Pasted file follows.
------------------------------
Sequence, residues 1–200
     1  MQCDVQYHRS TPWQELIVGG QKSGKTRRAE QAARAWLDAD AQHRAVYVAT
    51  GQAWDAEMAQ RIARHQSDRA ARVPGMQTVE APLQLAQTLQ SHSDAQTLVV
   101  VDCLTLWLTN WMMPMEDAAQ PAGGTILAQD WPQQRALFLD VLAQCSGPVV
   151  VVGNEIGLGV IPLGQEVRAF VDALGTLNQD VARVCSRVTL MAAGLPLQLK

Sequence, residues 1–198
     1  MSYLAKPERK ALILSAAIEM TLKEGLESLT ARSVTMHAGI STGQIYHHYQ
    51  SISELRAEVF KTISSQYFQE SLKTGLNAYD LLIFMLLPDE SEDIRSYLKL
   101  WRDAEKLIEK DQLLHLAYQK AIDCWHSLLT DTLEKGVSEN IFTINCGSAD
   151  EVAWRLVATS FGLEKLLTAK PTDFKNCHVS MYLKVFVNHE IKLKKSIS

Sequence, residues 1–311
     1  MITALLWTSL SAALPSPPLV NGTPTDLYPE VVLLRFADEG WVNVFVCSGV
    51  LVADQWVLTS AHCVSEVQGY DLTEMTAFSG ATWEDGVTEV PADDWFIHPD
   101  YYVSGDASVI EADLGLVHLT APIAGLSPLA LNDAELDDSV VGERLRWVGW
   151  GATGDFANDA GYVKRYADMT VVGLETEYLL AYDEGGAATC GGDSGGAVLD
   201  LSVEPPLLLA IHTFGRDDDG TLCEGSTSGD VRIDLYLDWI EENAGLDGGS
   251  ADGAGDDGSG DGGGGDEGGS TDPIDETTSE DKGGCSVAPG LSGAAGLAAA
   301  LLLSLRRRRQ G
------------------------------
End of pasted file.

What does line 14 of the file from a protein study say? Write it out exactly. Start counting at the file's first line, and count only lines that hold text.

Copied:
   101  YYVSGDASVI EADLGLVHLT APIAGLSPLA LNDAELDDSV VGERLRWVGW